Paul’s Pals featured in The American Jewish World
May 22, 2017
Paul’s Pals: Creating accommodation
Paul’s Pals and its expanded mission to enrich the lives of children with disabilities
By Max Sparber
The world is not terribly accommodating to people with disabilities, a fact that was made abundantly clear at a previous job, when I helped edit Access Press, a local newspaper for the disabled community.
It was hard for adults; how much harder for children? Floyd and Andrea Adelman had a child, Paul Adelman, who was disabled due to surgeries. The Adelmans found sympathetic organizations, including Courage Center, Miracle League and a Boy Scouts troop, that assisted with their son’s needs, and an adaptive playground, designed for disabled children.Adults with disabilities would write in, complaining that restaurants or bookstores or other businesses had failed to make even the minimum accommodations required by law, and were disinterested when disabled patrons complained.
When Paul died at the age of 12, the Adelmans founded an organization in his name with the mission of helping to fund organizations that were seeking to make themselves more accessible to disabled children.
It was part of the Jewish Community Foundation since 1994 when it was called The Paul Adelman Children with Disabilities Endowment Fund; and two years ago the organization split off to become its own 501(c)(3), renamed Paul’s Pals.
Executive Director Jennifer Lewin explains that the shift was prompted by growing goals and an expanded mission. “In the last 20-come years we have granted nearly 1.5 million dollars to 100 projects,” she says, “but previously we had one annual fundraiser, we distributed the money, and that was it.”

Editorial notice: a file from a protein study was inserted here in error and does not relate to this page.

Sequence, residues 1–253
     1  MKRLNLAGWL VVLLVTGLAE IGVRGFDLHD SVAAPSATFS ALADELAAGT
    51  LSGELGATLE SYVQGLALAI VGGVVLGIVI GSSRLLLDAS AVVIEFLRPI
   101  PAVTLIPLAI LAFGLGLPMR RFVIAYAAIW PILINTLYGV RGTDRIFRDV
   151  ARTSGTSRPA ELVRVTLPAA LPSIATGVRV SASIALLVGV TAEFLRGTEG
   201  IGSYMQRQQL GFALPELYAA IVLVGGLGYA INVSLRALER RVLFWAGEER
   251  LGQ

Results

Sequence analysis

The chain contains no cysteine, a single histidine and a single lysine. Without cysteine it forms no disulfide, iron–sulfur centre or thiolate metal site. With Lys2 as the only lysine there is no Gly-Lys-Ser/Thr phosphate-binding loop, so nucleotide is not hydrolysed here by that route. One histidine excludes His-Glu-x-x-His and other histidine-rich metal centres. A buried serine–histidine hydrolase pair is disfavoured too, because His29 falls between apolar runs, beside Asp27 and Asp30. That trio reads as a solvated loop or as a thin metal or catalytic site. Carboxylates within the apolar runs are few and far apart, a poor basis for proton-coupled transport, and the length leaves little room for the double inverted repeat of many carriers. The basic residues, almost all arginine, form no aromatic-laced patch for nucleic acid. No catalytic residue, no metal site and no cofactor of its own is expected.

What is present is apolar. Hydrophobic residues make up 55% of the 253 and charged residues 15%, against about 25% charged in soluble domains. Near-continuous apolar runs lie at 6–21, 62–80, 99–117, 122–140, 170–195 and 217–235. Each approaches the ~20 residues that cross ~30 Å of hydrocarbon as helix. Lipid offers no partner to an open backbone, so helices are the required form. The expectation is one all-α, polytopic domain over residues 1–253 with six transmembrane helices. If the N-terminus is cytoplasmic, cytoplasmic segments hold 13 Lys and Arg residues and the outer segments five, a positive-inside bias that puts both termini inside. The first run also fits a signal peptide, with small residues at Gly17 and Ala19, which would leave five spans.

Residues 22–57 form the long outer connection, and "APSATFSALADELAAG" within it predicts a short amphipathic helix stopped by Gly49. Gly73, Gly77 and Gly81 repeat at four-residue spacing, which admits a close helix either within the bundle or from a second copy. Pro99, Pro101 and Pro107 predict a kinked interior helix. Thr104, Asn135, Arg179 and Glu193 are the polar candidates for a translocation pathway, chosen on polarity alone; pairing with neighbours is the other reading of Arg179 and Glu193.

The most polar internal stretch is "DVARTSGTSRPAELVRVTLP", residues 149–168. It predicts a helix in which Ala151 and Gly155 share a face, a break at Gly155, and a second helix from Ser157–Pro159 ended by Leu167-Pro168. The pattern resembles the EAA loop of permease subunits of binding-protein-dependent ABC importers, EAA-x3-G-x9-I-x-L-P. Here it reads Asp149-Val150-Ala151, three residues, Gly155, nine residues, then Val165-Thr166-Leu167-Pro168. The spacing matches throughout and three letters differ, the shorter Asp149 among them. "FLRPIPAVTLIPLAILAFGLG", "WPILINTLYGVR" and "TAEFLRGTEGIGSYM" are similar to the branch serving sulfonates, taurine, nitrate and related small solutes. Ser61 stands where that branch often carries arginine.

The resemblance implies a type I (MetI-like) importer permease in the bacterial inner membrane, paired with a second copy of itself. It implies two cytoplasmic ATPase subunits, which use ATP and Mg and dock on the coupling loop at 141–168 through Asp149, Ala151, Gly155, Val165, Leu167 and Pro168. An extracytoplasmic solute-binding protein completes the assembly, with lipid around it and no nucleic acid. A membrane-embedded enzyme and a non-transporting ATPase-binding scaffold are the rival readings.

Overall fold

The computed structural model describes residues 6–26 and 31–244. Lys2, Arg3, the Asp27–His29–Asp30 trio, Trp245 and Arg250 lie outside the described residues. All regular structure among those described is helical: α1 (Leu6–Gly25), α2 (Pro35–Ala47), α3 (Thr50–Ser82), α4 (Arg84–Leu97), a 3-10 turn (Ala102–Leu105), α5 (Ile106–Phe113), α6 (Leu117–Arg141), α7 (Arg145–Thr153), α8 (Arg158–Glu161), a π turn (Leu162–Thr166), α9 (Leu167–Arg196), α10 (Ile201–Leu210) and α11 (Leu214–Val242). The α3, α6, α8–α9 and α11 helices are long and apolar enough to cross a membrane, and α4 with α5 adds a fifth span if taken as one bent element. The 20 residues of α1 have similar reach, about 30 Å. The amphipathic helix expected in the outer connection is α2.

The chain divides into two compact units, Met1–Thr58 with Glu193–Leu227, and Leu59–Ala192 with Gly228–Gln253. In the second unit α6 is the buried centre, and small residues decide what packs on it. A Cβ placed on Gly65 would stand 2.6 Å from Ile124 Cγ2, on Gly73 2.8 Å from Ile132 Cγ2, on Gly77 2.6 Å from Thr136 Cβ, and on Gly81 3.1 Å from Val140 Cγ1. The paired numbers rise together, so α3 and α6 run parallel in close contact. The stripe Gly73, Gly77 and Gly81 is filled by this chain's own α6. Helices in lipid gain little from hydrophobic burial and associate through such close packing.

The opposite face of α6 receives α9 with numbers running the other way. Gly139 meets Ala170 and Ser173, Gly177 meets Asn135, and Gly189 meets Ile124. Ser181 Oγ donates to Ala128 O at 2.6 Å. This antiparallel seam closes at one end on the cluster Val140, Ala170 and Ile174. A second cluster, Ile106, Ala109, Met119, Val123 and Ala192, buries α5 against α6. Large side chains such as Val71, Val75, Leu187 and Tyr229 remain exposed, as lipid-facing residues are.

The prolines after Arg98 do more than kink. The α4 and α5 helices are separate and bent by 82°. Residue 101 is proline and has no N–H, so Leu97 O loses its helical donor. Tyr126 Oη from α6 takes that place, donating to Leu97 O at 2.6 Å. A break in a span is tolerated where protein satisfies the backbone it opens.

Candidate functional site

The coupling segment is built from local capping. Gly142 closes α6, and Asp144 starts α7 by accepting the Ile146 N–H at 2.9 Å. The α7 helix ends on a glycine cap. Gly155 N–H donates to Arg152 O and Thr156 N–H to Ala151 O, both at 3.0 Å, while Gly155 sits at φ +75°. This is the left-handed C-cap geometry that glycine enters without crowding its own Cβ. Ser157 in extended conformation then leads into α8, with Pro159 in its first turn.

Instead, she explains, the organization now wants to increasingly be a resource for organizations and is looking to seek out organizations that might benefit from their expertise and fundraising, rather than exclusively focusing on providing grants for organizations that come to them.
As an example, Paul’s Pals recently funded the development of the Paul Adelman Assistive Technology Collection at Pacer Center. “It will be a 21st century model for assistive technology,” Lewin says. The collection will be designed to be accommodating to disabilities, including “touch screens, talk to text monitors, chairs that can be adjusted to the needs of the user,” explains Lewin. The collection will provide parents, educators and “youth through adults with disabilities” with educational and communication resources.
Paul’s Pals recently released a list of 2017 grant recipients, which includes the Autism Society of Minnesota, in part for statewide distance learning; and Courage Kenny Rehabilitation Institute, which will purchase adaptive sports and recreation equipment. Also included among the grantees is Golden Valley Parks and Recreation, which is planning to build an “inclusive” playground, designed to adapt to the needs of disabled users, which recalls Paul Adelman’s own childhood experiences with an accessible playground.
Paul’s Pals has two events coming up: On June 13 they will have their annual Paul’s Pals Pop-Up, a toy giveaway at the Maple Grove Toys R Us. On July 24 the organization will have its annual fundraiser, a golf tournament, and party. Visit pauls-pals.org for more information.
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